How watching YTV in the '90s influenced an entire generation of artists to 'keep it weird'
The channel created a wave of cultural phenomena that was uniquely Canadian and the best kind of weird
If you were born in the late '80s to early '90s, chances are high that you spent a considerable of time watching YTV. The Canadian television channel was launched in 1987 but hit its cultural heyday during the '90s with a slew of Canadian programming. Unlike American channels aimed at younger audiences, YTV created a uniquely Canadian cultural showcase that was weirder than anything else on television. If you're an artist from my generation, it's likely that you owe some of your artistic practice to YTV.
What made YTV so different? Using the slogan "Keep It Weird," YTV created programming blocks with "PJs" that made up their dedicated afterschool and weekend viewing. The most influential was "The Zone," an afterschool programming block that was hosted by a range of memorable people, including PJ "Phresh" Phil and Paul McGuire. Originally developed by YTV to skirt around children's advertising limitations which controlled the amount of advertising which could be shown in a hour time slot, The Zone was filled with weird inside jokes, oddball humour and quirky sidekicks like a talking Elvis bust, a hand in a toilet and a series of puppets called "Grogs."
The nonlinear storytelling of YTV's programming blocks were combined with an unprecedented level of viewer participation. Hosts regularly read letters and interacted with kids across Canada. YTV and "The Zone" often felt a small world sheltered from the rest of society — a bizarre miniature portal that existed just for the '90s kids watching. The unscripted segments between shows often included some surprising personal conversations, including when host Paul McGuire directly talked to the camera about how he didn't believe in God anymore. This wasn't your typical kids' programming.
In the early days of the Internet, YTV's strange and often surreal programming choices created a wave of cultural phenomena. Uh Oh!, a slime-infused game show with a high gross-out factor, was popular, creating a burst of products and toys aimed at appealing to the icky obsession of viewers. There was The Hit List, a teen-friendly music video show that replayed MMMBop by Hanson on an endless loop. My personal favourite was Video and Arcade Top Ten, an instructional show where you watched other people play video games. All of these shows were uniquely Canadian, emerging into a cultural landscape that was so often dominated by American imports.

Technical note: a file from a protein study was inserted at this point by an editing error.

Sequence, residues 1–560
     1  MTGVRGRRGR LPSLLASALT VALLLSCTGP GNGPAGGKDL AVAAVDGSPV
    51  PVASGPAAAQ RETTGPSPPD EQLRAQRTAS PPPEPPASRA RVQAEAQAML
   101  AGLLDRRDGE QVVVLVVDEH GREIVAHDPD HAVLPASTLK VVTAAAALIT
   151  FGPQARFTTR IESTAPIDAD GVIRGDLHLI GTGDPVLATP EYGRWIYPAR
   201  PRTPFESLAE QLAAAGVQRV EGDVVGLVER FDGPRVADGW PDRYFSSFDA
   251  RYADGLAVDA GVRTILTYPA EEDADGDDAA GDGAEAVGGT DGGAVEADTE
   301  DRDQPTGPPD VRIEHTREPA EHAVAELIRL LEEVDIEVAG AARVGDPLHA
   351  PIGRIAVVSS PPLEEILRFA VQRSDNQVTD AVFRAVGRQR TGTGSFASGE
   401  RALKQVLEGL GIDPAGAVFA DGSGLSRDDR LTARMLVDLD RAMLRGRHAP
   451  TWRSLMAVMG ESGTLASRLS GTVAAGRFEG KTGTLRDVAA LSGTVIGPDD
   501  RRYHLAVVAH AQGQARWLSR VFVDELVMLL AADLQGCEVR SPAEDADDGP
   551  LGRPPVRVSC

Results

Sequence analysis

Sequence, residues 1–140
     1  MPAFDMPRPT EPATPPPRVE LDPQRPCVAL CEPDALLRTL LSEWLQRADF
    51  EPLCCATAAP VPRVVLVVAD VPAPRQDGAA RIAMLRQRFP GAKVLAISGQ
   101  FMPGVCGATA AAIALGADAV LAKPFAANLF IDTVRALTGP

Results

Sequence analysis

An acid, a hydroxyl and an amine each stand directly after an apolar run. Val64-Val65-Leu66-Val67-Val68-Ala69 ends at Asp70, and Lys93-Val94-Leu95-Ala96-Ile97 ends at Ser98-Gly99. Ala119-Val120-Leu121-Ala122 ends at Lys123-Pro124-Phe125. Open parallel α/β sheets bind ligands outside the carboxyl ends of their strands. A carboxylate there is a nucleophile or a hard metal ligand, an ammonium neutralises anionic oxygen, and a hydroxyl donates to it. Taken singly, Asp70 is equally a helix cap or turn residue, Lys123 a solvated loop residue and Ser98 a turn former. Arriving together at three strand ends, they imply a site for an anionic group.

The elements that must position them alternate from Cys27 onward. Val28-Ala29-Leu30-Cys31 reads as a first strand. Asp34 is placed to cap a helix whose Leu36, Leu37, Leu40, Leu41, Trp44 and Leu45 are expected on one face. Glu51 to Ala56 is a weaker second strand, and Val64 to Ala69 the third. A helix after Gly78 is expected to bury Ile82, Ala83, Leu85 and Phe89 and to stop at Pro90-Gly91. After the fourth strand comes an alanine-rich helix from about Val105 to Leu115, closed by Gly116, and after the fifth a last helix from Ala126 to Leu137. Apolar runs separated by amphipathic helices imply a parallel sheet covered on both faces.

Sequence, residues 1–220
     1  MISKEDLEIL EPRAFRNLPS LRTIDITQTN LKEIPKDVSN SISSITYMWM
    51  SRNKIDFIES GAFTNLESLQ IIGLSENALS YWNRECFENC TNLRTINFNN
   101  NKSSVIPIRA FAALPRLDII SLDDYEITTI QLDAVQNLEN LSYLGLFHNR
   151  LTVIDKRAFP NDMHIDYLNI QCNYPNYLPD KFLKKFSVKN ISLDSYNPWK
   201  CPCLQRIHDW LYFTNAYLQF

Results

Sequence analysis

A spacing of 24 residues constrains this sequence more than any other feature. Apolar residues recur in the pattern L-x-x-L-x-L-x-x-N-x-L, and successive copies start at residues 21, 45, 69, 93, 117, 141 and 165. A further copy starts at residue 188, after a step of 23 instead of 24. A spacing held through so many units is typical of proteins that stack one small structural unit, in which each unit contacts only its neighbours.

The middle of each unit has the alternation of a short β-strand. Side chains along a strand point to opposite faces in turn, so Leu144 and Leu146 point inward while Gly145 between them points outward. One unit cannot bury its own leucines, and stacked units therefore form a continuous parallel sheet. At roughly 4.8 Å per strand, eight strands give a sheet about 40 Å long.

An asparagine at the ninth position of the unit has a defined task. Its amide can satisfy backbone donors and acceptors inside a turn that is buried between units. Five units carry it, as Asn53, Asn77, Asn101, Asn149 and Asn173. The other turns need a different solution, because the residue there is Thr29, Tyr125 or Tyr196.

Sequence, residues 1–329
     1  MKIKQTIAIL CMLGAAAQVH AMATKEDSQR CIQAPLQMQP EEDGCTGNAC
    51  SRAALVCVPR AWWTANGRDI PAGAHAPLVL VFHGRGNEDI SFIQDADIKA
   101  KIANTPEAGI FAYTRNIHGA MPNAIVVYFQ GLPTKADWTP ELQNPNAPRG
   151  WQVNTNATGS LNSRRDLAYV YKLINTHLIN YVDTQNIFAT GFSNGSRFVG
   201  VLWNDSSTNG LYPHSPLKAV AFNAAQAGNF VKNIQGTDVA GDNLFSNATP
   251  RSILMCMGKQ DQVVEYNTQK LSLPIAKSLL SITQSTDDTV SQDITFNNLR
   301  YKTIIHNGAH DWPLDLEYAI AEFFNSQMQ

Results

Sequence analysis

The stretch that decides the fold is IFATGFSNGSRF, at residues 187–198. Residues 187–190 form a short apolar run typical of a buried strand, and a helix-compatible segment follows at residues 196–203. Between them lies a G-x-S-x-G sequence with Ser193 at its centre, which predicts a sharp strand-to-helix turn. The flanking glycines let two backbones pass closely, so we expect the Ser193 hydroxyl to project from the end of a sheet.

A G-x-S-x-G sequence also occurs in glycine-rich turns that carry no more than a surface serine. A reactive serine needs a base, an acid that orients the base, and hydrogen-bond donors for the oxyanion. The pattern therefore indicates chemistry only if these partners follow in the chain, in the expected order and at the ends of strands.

But YTV didn't exclusively focus on Canadian content. It exposed a generation of Canadian kids to dubbed Japanese anime, hosting shows like Pokémon, Sailor Moon, Gundam Wing and Dragon Ball Z. I still remember when YTV aired Gundam Wing: Endless Waltz, a full-length anime movie. My personal favourite was Mummies Alive!, a Canadian-American animated show that only ran for one season in 1997. I still use the catchphrase "By the strength of Ra!" to the confusion of everyone around me. And speaking of innovative programing that stays with you, YTV also aired ReBoot, an entirely Canadian show that was the first computer animated television series. ReBoot explored complex plot lines inside its computer generated world, often exploring notions of good vs. evil and redemption through long narrative storylines.
Many of YTV's other outstanding shows didn't exist anywhere else, like Are You Afraid of the Dark and Animorphs. There were also some shows that would never have aired on other networks and were only created in order to help YTV meet the mandatory Canadian content requirements for Canadian broadcasting. I'm talking about show like Radioactive, Student Bodies and Breaker High. (Many of us likely owe our Ryan Gosling crush on YTV's frequent replaying of Breaker High throughout our formative years.) The channel also aired pivotal moments in Canadian children's advertising, like the infamous "Don't you put it in your mouth" public service announcement.
Through all of its programming and content, YTV created a uniquely Canadian television world that was often low budget, unscripted and into everything weird. It's easy to connect the ongoing diversity and vibrancy of my generation's artistic output with the distinctiveness of YTV in the '90s. Our wide-ranging creative output has been indirectly nurtured by the complexity of YTV's programming. I see artists from my generation — regardless of discipline — use an expansive series of influences to define their artistic output, a practice that owes something to YTV's diverse programming slots. When I notice a writer like Joshua Whitehead reference Arika as an influence for his book full-metal indigiqueer, I think of how YTV was directly responsible for the first wave of anime into Canadian viewing audiences.
I also see the influence of YTV in the work of visual artists like Paul Hardy, whose abstract paintings reflect a DIY approach to visual representations, and in musical artists like Carly Rae Jepsen. Artists from my generation who grew up with YTV's indie low budget and quirky content are more likely to take risks, point a personal touch on their art and innovate between genres and mediums. My own work bears a relationship to YTV with the wide range of influences and sometimes contradictory texts that I bring into a conversation. It's obvious that watching Sailor Moon followed by a slime-filled game show would have some impact on your ability as an artist to juggle multiple mediums and genres.
While anyone outside of the small Canadian media bubble of the 90s wouldn't understand, their slogan "Keep It Weird" has become a key touchstone of my generation. We continue to "Keep It Weird" — a crucial contribution to the Canadian cultural landscape that we can blame squarely on YTV and its slime-covered logo.